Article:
There are only a handful of humans capable of leading an above-average NFL offense, and one of them just decided to stop playing football. Colts quarterback Andrew Luck abruptly retired Saturday evening, at just 29 years old and with over $60 million remaining on his contract. His departure leaves the Colts without a clear direction moving forward, and he leaves behind a strange and singular legacy in the league.
Although the Colts reportedly knew Luck had been considering retirement—per NFL Network’s Ian Rapoport, he plans to travel the world—the news comes as a shock just two weeks before the start of the season. Quarterbacks in their prime don’t suddenly hang up their cleats in late August. And most quarterbacks don’t have primes that resemble Andrew Luck’s. Bewildered Colts fans booed Luck as he came off the field after Saturday’s preseason game, a decision they’ll presumably regret. Colts fans love Luck and will probably remember him fondly, but couldn’t figure out any other way to respond to the sudden retirement of a franchise player.
The end of Luck’s career—what previously seemed like the middle, given how many years he might have conceivably played—has been fraught with strange injuries. After the 2016 season, Luck underwent a procedure on his throwing shoulder that the Colts downplayed at the time; it ended up wiping out his entire 2017 season. He recently dealt with a high-ankle issue that caused him to sit out during training camp; there was a similar air of mystery surrounding this ailment, as it was first reported as a calf strain. (Not to mention the lacerated kidney and torn rib cartilage, among many other injuries.) At a press conference Saturday night announcing his decision, Luck referenced the injuries he played through in 2016 and said he “made a vow” to himself never to go through that again. “I haven’t been able to live the life I want to live,” Luck said. “It’s taken the joy out of this game. … The only way forward for me is to remove myself from football.”
Luck had a career year last season, throwing for more than 4,500 yards with 39 touchdowns. He earned the Comeback Player of the Year award, and the Colts advanced to the second round of the playoffs. Luck, the player, has still got it. But the tedium of waiting to be fully healthy, and the pain of playing through injuries week-to-week, year-to-year, proved too frustrating.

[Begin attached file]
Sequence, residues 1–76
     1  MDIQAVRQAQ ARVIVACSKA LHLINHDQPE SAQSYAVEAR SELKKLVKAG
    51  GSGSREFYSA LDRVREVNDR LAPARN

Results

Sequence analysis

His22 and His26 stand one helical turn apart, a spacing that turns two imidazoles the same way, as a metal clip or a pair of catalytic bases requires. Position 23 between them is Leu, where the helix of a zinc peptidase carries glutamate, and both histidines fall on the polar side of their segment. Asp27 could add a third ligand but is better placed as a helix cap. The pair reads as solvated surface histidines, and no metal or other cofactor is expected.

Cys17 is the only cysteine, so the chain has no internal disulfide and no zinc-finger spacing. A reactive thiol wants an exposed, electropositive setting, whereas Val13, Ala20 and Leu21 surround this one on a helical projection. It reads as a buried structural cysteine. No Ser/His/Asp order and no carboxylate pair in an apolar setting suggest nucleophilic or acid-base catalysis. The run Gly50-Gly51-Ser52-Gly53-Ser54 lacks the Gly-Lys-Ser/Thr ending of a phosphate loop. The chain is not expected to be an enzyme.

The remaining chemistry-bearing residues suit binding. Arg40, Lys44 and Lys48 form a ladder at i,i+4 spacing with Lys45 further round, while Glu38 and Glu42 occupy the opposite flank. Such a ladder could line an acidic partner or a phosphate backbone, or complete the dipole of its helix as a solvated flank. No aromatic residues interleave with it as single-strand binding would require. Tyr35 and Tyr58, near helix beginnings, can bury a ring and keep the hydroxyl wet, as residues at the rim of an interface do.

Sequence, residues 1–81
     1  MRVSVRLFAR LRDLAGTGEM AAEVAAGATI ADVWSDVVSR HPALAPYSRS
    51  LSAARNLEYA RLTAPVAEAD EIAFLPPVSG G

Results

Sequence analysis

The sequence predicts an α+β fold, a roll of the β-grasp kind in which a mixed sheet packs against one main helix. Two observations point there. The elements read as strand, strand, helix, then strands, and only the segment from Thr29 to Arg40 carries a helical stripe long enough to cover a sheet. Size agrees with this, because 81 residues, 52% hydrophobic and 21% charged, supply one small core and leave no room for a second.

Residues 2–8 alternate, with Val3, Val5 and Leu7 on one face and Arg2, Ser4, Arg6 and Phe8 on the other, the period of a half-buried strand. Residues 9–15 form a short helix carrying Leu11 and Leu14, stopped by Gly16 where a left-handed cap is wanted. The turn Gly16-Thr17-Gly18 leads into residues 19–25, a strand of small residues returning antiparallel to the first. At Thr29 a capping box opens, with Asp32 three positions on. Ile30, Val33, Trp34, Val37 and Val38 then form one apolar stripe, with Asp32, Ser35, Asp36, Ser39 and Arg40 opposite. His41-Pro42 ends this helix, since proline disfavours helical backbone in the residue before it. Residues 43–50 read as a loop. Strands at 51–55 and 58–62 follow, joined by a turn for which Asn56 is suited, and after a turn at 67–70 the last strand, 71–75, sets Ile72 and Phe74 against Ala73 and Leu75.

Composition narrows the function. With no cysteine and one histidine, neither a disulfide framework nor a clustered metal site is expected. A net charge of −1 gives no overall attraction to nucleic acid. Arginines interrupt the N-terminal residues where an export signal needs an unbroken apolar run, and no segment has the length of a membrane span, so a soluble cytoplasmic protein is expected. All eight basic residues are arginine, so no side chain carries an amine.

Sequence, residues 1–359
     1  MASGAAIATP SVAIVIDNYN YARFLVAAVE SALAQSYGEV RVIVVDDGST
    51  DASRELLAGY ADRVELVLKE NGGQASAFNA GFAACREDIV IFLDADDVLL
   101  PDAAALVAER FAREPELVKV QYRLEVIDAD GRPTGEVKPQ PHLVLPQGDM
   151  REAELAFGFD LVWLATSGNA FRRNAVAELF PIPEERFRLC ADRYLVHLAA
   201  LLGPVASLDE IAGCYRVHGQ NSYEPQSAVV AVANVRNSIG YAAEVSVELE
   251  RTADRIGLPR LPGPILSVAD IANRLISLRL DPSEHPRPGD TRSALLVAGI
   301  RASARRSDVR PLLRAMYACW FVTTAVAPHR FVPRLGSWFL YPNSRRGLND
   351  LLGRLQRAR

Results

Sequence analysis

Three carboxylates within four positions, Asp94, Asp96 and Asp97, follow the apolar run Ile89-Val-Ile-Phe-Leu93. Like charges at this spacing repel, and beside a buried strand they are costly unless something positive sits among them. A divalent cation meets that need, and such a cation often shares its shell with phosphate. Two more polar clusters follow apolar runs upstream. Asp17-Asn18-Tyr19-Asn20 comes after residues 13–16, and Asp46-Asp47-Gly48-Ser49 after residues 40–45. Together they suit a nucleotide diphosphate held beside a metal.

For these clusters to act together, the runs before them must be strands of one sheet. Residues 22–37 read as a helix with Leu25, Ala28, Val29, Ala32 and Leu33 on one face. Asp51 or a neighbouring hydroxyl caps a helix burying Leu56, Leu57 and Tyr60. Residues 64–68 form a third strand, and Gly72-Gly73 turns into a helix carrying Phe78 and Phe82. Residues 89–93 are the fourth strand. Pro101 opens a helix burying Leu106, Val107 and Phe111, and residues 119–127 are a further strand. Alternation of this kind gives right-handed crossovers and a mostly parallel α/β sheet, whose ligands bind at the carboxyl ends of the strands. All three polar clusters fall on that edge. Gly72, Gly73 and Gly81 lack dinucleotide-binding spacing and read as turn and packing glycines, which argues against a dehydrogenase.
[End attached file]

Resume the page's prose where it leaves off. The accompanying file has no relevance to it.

Now, nothing is clear for the Colts. With Luck, Indianapolis was projected to win around 10 games and the AFC South, and had the potential to make a deep run in the postseason. What’s more, the Colts were set up for success over the next few years: They had a true franchise quarterback, a pristine salary cap situation, and a general manager (Chris Ballard) who’d just made a string of shrewd draft and free agency decisions. When ESPN published its NFL Future Power Rankings in July, the Colts sat atop the list. How the franchise will move forward is unclear. Jacoby Brissett, the backup quarterback, started in Luck’s absence in 2017 and went 4-11 as a starter. Brissett is a serviceable backup, but he’s not a player to build an organization around. The Colts’ trajectory has abruptly changed. For the first time since before Indianapolis drafted Peyton Manning in 1998, the team has an uncertain future at the most important position in football.
Luck’s talent was obvious throughout his career. Standing a sturdy 6-foot-4, with an impeccable arm, Luck was a five-star prospect in high school and could have been the no. 1 pick in the 2011 NFL draft had he left school after his junior year at Stanford. But he hung around and led the Cardinal to the Fiesta Bowl as a redshirt junior, and became the no. 1 pick in the 2012 draft instead. He adjusted seamlessly to the NFL: The Colts made the playoffs in each of his first three seasons, and he made it to the Pro Bowl in each of them. In 2014, at just 25, he led the league in touchdowns and got the Colts to the AFC championship game.
And that turned out to be the peak of Luck’s surprisingly short career. He had yet to get the Colts to the Super Bowl, and he retires at age 29 in a league where quarterbacks perform well past 40. He retires after having played just six seasons, with four playoff appearances, and four Pro Bowl bids. It’s far from a tragedy to see a reasonably healthy young man happily walk away from the sport as a megamillionaire, but it’s hard not to be wistful wondering what else Luck could have accomplished on the field.